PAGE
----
In Memoriam: Vladislav Niedobora
Vladislav Hryhorovych Niedobora, the oldest member of the Kharkiv Human Rights Protection Group died on 2 April. He was one of four people from Kharkiv sentenced for signing a letter deemed “anti-Soviet” in 1969. We knew that he was seriously ill and that there was virtually no chance of recovery, yet still hoped, and the words “Vladiks died” came as a bitter blow. He died three months before his 75th birthday.
Vladislav Niedobora, an engineer by training, was born in 1933 and lived in Kharkiv. As they said in Soviet times he was entirely successful, with a job, family and two sons. He was from the generation of the “children of the twentieth congress” who gained the hope of living under socialism with a human face. However it was precisely with such idealists that the quietly rotting Brezhnev regime began fighting.
At the end of the 1960s Petro Grigorenko wrote an open letter in support of the Crimean Tatars and was placed in a psychiatric institution.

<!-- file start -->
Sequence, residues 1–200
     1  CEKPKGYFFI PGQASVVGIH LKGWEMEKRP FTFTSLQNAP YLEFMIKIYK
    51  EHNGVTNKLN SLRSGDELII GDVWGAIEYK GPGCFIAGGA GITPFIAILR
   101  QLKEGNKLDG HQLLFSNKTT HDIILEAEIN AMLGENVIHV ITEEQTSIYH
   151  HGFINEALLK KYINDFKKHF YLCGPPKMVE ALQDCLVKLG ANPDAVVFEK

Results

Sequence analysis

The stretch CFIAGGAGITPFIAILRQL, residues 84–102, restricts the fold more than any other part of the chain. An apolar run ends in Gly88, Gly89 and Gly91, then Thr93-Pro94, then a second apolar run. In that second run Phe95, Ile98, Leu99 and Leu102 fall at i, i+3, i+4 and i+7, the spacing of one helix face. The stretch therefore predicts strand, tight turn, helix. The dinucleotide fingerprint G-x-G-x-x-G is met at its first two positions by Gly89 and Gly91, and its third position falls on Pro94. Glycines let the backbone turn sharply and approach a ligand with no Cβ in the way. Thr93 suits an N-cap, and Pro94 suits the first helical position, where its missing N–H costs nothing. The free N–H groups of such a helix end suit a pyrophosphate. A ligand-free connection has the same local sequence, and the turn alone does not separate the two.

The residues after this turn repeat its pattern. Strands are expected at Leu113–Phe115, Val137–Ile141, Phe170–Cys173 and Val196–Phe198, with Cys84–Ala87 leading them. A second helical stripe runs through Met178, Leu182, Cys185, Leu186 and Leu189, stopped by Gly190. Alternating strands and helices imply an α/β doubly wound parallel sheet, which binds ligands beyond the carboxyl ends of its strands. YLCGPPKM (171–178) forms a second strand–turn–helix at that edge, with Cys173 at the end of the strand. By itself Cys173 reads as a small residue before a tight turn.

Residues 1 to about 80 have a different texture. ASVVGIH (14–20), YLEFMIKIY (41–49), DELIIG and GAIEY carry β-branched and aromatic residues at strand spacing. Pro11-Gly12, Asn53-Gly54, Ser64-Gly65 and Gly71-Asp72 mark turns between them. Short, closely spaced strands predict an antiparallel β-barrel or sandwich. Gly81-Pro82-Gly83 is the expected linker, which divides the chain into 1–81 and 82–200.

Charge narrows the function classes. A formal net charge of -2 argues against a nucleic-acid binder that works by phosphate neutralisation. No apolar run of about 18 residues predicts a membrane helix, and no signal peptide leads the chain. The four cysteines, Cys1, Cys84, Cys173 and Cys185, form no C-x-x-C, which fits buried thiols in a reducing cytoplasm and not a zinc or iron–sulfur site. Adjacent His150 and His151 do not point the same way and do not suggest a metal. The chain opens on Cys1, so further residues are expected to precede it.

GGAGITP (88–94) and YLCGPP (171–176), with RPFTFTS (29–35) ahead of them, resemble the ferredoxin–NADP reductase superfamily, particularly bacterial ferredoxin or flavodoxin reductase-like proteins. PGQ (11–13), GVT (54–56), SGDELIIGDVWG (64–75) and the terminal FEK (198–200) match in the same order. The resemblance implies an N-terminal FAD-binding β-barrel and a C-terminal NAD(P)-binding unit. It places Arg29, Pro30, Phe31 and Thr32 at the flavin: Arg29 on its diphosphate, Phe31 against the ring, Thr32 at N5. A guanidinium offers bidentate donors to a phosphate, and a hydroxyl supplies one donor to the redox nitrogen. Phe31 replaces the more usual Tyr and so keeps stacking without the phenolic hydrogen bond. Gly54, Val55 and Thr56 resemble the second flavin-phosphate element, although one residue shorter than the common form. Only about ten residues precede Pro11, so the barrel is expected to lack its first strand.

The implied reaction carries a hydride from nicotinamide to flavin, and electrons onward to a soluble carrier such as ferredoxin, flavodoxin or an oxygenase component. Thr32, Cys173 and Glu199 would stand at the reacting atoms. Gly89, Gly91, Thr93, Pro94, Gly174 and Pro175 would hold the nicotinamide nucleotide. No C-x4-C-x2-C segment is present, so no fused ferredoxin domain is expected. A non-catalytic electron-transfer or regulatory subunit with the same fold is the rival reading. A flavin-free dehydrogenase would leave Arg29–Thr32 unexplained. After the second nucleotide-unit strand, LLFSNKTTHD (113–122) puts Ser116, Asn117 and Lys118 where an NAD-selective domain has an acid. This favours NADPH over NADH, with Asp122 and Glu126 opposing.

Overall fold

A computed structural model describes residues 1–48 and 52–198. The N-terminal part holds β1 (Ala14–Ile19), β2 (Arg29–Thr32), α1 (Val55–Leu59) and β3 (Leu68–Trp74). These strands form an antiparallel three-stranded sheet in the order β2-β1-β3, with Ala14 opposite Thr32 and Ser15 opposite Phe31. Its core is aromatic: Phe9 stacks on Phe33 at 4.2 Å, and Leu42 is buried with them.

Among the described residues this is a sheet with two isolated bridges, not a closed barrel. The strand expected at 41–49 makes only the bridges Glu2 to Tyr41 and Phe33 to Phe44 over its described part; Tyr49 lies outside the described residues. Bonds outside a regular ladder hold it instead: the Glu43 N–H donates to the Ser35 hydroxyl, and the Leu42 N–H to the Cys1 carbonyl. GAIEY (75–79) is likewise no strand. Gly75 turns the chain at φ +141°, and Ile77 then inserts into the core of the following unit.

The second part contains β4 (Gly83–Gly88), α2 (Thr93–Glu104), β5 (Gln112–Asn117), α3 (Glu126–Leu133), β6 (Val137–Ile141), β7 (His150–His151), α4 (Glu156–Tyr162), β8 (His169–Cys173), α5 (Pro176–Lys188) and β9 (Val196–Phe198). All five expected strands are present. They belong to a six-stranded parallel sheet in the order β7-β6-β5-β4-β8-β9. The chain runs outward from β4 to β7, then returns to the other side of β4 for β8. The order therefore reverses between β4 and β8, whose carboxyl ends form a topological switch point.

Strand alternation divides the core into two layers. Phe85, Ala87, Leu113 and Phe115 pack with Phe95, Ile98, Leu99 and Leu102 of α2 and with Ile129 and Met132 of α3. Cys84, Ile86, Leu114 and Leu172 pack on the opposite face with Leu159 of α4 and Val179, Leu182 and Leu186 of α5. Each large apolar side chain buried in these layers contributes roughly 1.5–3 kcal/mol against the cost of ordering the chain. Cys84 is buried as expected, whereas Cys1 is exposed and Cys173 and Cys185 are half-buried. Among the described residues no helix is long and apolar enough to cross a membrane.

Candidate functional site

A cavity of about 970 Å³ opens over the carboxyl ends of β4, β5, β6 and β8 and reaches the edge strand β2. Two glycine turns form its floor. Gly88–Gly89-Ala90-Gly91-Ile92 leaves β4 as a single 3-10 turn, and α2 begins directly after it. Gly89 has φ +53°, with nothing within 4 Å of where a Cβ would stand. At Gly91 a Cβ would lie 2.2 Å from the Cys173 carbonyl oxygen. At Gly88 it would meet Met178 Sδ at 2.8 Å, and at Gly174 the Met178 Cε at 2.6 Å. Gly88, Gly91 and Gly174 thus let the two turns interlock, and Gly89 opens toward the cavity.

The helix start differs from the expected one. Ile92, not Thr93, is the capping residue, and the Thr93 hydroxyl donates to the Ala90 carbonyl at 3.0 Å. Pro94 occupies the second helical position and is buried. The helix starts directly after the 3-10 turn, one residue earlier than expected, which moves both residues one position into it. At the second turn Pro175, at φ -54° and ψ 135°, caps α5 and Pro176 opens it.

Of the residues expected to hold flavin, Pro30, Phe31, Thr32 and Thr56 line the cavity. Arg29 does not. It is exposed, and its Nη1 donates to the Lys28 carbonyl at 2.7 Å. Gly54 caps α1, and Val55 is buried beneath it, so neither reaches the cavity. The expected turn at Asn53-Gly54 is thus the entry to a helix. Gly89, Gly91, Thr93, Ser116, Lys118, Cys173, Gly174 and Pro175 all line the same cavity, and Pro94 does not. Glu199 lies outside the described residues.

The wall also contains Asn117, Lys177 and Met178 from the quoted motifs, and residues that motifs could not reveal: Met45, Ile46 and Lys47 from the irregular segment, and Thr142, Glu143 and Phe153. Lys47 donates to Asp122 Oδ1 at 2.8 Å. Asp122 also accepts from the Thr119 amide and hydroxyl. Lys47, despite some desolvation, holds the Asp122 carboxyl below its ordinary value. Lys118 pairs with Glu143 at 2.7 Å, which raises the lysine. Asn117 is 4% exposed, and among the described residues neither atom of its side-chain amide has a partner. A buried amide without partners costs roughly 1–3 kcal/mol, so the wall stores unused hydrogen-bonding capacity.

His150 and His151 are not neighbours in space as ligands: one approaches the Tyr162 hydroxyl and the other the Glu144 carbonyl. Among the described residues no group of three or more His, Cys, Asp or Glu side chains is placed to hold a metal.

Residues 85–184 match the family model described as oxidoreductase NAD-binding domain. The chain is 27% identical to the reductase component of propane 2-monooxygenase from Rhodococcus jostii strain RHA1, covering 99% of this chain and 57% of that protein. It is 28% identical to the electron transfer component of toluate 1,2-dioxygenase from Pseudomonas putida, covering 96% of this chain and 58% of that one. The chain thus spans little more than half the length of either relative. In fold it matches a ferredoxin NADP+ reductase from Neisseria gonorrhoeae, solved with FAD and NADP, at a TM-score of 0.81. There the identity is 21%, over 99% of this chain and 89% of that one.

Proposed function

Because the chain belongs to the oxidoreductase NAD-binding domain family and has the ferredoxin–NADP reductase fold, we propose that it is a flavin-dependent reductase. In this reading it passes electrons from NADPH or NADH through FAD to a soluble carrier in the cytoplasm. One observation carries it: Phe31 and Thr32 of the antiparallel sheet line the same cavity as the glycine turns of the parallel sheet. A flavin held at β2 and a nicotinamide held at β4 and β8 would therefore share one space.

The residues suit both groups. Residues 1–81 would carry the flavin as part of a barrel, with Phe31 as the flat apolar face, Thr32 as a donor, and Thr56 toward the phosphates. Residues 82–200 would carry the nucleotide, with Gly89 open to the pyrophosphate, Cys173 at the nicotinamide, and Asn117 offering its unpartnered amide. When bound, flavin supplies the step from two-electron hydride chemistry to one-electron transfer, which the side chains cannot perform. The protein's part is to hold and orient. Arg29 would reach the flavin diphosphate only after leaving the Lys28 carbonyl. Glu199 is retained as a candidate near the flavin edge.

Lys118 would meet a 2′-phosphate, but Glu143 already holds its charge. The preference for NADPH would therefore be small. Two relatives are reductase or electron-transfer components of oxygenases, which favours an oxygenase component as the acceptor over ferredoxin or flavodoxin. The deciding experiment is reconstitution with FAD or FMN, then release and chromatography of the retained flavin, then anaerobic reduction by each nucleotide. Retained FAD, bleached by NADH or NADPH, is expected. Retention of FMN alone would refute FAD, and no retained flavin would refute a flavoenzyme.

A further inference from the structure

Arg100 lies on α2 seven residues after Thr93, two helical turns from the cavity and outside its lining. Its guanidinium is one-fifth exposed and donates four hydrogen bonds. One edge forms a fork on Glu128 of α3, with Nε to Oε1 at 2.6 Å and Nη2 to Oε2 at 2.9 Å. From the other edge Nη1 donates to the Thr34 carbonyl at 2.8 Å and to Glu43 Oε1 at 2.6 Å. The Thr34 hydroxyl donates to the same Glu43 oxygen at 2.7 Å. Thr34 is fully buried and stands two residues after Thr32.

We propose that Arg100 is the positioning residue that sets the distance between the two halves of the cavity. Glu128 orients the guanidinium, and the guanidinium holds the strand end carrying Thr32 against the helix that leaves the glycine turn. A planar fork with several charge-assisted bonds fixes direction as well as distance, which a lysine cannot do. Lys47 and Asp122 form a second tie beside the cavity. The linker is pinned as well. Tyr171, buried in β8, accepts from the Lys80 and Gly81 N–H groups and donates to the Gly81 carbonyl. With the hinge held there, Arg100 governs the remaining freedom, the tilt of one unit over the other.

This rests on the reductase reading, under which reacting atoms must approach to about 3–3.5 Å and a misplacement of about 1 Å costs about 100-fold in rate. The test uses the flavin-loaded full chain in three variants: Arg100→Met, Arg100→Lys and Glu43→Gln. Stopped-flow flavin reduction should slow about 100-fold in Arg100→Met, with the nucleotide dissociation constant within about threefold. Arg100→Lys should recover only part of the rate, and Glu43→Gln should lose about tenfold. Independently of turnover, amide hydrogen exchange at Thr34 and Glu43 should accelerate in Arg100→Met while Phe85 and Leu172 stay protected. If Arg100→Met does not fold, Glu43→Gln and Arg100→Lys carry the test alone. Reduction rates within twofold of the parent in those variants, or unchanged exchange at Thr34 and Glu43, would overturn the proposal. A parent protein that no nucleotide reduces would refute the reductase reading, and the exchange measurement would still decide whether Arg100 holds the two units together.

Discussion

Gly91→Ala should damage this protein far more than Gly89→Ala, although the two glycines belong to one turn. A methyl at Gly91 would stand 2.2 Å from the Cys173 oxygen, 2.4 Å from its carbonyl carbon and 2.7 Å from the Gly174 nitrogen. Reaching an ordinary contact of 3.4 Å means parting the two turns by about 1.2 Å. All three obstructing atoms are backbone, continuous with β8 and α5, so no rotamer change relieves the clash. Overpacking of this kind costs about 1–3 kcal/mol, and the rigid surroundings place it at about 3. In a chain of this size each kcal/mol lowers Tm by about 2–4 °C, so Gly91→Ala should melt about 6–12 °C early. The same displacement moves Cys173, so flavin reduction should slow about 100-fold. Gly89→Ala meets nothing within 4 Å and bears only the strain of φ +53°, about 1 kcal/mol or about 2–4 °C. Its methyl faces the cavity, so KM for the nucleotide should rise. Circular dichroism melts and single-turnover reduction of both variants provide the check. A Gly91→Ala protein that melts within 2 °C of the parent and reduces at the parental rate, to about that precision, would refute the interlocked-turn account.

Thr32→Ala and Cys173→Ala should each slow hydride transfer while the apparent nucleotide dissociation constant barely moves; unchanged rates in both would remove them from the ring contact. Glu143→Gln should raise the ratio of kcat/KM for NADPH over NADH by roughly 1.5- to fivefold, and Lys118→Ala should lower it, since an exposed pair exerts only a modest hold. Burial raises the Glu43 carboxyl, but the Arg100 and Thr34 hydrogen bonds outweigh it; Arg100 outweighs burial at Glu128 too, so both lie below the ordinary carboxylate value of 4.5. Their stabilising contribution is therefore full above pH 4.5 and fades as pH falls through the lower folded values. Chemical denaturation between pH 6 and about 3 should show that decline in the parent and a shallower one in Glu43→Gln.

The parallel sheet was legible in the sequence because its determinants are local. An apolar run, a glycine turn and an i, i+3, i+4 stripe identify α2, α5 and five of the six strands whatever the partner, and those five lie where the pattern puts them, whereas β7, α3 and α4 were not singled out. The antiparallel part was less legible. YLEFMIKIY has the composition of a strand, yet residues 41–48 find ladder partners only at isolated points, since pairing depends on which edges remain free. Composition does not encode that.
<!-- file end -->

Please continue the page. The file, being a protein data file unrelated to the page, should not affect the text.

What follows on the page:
On 25 May 1969 an appeal was written which reported “the violation of one of the main human rights – the right to have independent views and disseminate them by any lawful means”. The letter was addressed to the Soviet government, and reached the UN Human Rights Committee and was heard around the world.
Among the 54 people who signed the letter was Vladislav Niedobora.
On 3 February 1970 Niedobora was arrested and in November 1970 he was sentenced to three years labour camp. He served his sentence in the Dnipropetrovsk region.
He was released in 1973 and returned to Kharkiv. In 1991 he was rehabilitated.
Vladislav Niedobora will be remembered as a kind, decent and cultured man with a subtle sense of humour.
The Kharkiv Human Rights Protection Group